Insights > A Top Priority for Us: Keeping Your Utility Bill Affordable

A Top Priority for Us: Keeping Your Utility Bill Affordable


Despite consistently rising prices throughout the marketplace, Entergy Louisiana residential rates have declined by 6% over the last 15 years.

That’s right, our residential rates have gone down while staples in the grocery store like bread, cheese and orange juice cost more these days. Other basic goods and services like gasoline and cell phones have also increased in price faster than the rate of inflation.

Something to Consider: Extreme Weather Can Drive Up Usage

What drives the size of your utility bill is largely the amount of power used each month. Naturally, Louisiana residents tend to use more power than in many other areas of the country in order to cool their homes, especially in the heat of the summer. This is why you may notice increases to your electricity bill as the temperature outside rises.

While the average Louisiana residential customers’ use ranks among the highest in the nation, the typical Louisiana household bill falls near the middle of the pack compared to other states. This is due to Entergy Louisiana’s low rates offsetting some of the additional expected costs of being in an area that requires high levels of energy consumption.

What Do These Bill Line Items Mean?

The company continues to make smart and disciplined investments to maintain affordable rates. No matter the price of your power bill, to better manage your bill and save even more money, it helps to understand some of the charges that appear on your bill and why. Some important items include:

  • The energy charge line item, set by the Louisiana Public Service Commission (“LPSC”), covers the general cost of providing electric service. For example, the energy charge covers the cost of wires, poles, power plants, and other customer service-related costs, such as service trucks and customer contact centers. The amount of the charge will vary from month to month based on a customer’s usage.
  • The fuel adjustment charge will change on your bill from month to month and is the most dynamic item. The charge reflects the actual cost of generation fuel and purchased energy for that billing period. Entergy makes no profit on this, and the charge is passed through to customers as directed by the LPSC.
  • The storm restoration charge on your bill represents the monies collected to repay the financing of the storm restoration costs and storm reserves. Working with the LPSC, we used special bond financing options that are spread over a number of years to save customers millions of dollars. The bonds used to finance hurricanes Katrina and Rita costs have been repaid and are no longer included in the storm restoration line item. Gustav and Ike bond repayments started in 2010 and will expire in 2022. Isaac started in 2014 and will expire in 2026. The amount of this charge will vary from month to month based on a customer’s usage.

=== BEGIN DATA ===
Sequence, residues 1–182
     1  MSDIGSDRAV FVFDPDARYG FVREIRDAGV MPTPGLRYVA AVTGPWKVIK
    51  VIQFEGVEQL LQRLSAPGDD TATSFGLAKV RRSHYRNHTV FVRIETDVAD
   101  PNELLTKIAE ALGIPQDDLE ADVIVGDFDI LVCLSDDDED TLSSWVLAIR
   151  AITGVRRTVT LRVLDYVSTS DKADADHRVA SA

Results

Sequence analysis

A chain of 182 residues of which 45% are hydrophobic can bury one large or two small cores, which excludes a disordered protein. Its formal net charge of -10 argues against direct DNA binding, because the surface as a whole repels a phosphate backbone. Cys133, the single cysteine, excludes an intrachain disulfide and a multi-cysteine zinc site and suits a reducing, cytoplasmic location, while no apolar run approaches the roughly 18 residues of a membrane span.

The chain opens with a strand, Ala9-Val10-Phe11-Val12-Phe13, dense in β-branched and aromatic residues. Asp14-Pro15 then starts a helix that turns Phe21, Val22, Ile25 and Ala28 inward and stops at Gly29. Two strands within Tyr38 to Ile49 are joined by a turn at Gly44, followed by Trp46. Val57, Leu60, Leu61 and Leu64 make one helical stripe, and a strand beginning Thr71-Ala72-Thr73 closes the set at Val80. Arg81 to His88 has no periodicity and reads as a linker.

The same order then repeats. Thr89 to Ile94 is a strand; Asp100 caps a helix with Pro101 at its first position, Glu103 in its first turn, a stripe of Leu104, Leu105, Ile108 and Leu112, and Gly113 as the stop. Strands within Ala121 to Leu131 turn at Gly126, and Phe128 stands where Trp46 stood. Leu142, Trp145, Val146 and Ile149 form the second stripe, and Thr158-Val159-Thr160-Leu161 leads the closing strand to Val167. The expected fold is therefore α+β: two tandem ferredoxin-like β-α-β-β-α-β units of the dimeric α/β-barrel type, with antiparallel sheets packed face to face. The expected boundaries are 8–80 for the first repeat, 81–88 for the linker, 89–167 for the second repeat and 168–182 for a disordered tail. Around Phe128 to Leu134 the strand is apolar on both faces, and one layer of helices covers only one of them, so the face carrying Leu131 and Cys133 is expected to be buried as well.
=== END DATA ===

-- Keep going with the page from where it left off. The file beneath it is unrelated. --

• The storm restoration offset line item on your bill represents customer savings in the form of benefits realized because of the special financing approved by the LPSC. Both the storm restoration charge and the storm restoration offset line item are subject to adjustments during the year. This, too, may vary from month to month based on a customer’s usage. You can find more information on storm-related charges here.
  • The Municipal Franchise fee is the surcharge your local government collects from Entergy to serve electricity in your area.

To learn more about the line items that appear on your bill, click here

How You Can Save Money on Your Utility Bill

There are everyday things you do at home that impact your electric bill as well, such as charge cell phones, cool or heat your home, wash laundry and take a hot shower. Customers can lower monthly electric bills even more by taking steps to reduce energy usage or taking advantage of energy efficiency ideas and products at the Entergy Solutions Marketplace.

To find all types of statistics on electric power, consumption, prices, sales and customers, visit U.S. Energy Information Administration website.

Louisiana Editorial Team